To compare it, we will take only the export order that the Gripen E has so far, i.e., 36 Gripens E to Brazil. The initial deal between the Brazilian Air Force and SAAB was for $5.44 billion. But with multiple time and cost overruns, the deal ended up being of $9 billion. Though it has to be attributed to changes demanded by BAF, we must accept that even the IAF will demand changes to suit its requirements. The further order of 26 Gripens is pegged at $2.2 billion. However, it remains to be seen whether there will be a cost overrun in this batch too or not.

Now, even if I assume that the IAF gets the plain vanilla Brazil deal of 36 aircraft at $5.5 billion, it takes the total cost to $8.6-9 billion (not including the cost of setting up a production line in India as well as the ToT cost, as I am considering a G2G deal; otherwise, infrastructure already exists in India for Rafale). The next batch of 72 Rafale under G2G should cost the IAF $10-10.8 billion. So, the difference, if any, in both deals is not major, considering the capabilities difference between both fighters.

Another point that should be raised is pilot and crew training. Having less type of aircraft allows streamlining of pilot and maintenance crew training and obviously spares commonality too. Let me explain it in layman’s terms. Suppose you have 500 fighters divided into 3 types versus 500 divided into 6 types. Now assume each pilot or crew is trained to operate 2 types, which means you have fewer pilots available who can fly each type as you increase numbers. And if you plan to train pilots to fly more types, it comes with a cost and will also not allow proficiency, similarly it will be for maintenance crew. Another problem that arises out of it is maintaining spares specific to a particular aircraft at different bases to allow it to be operated from non-home bases and limiting the deployment flexibility while obviously creating cost and logistic issues. All these can be maintained in peace time, the real issue comes around war which is unpredictable. You must try to have less type of aircrafts serviceable at more bases than having more types of aircraft limited to specific bases. The same situation arises with pilots. Suppose you lose a large number of pilots of a particular type, and you have too many types of aircraft. Either you won’t have enough pilots to fly or you will have to incur costs and time in conversion training, and that too in the middle of a war. It also defies logic to add yet another aircraft to an already diversified IAF inventory if 36 Rafales are here to stay for the next 30 years. Furthermore, a lot has been invested in offset deals, such as the RBE-2A TRMs being manufactured by BEL. There is also an MOU in place between Dassault and BDL to integrate Indian weapons on the Rafale. All these capabilities will end up being underutilized.

The last point that needs to be raised is that if the LCA MK2 offers similar specifications and performance, why acquire another aircraft that’s supposed to be its cousin? Let’s discuss this briefly.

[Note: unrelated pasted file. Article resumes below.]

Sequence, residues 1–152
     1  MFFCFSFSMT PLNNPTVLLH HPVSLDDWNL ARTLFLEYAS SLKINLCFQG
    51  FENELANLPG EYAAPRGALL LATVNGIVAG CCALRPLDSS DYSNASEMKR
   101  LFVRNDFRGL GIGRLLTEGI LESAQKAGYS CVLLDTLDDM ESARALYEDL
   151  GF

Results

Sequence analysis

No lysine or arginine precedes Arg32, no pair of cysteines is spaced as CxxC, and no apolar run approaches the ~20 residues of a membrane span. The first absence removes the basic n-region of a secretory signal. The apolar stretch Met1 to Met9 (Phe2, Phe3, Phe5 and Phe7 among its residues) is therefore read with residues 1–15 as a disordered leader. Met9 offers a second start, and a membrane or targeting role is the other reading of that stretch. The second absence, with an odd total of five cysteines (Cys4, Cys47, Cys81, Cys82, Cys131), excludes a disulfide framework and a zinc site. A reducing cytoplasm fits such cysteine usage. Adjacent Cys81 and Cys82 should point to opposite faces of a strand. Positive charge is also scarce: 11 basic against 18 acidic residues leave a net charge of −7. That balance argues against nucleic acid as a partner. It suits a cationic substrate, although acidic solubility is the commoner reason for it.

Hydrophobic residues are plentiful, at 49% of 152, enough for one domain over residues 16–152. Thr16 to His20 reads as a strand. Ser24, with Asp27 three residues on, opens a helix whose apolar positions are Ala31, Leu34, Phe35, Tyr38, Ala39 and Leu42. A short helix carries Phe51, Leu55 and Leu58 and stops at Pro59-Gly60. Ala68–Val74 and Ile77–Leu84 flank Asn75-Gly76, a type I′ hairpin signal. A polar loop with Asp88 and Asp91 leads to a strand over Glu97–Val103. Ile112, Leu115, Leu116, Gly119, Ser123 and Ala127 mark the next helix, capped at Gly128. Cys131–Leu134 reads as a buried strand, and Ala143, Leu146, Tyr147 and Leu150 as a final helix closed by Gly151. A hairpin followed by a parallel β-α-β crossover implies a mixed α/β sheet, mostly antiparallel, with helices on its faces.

Why the Gripen E if we have the LCA MK2?

Obviously, the LCA MK2 is delayed, but is it delayed by so much that it warrants the purchase of an aircraft that is similar in capabilities and will arrive just a couple of years earlier, assuming everything goes right? Won’t we be criticizing the deal in 2030, saying why are we getting the Gripen E and the LCA-MK2 at the same time when both offer the same capabilities?

Well, if I assume the Gripen deal is declared this year and the contract is signed by 2024, the first jet will take around 24-36 months to arrive, putting it around the 2026-27 time frame. The LCA-MK2 will be in the advanced stages of testing by then. By 2029-30, you will be getting your LCA-MK2, by the time you will likely have the first squadron of Gripens flying, and that is by assuming everything goes right and the deal is signed next year.

Honestly, Gripen E should never be discredited as it is a highly capable fighter aircraft. However, the point being made is that it makes little sense to acquire it for the Indian Air Force (IAF) when what it offers will also be available in the form of the LCA MK2. What is needed is a fighter aircraft primarily in the strike role, and the Rafale was designed to fulfill that role with greater payload capacity, more hardpoints, better thrust-to-weight ratio, and better low-flying handling capabilities.

Finally, the deal should be a government-to-government (G2G) deal, and it should be the last import of a fighter aircraft for India. Right Approach for IAF should be to have 13 Sqdrn of Su-30, 6+3 Sqdrn of Tejas, 6 sqdrn of Rafale, 10 Sqdrn of LCA-Mk2 replacing Mirages, Mig 29s and Jaguars. These should be added by 6-7 Squadron of AMCA Mk-1, while AMCA mk2 should start replacing Su 30 from 2040 going full Indigenous.

By Alpha Defense

Alpha Defense initially a solo venture but now a defense group by people from various demographics of India covering defense news and updates. We believe in unbiased analysis of every subject in hand. Our mission is to provide simplfiied defense information to the public.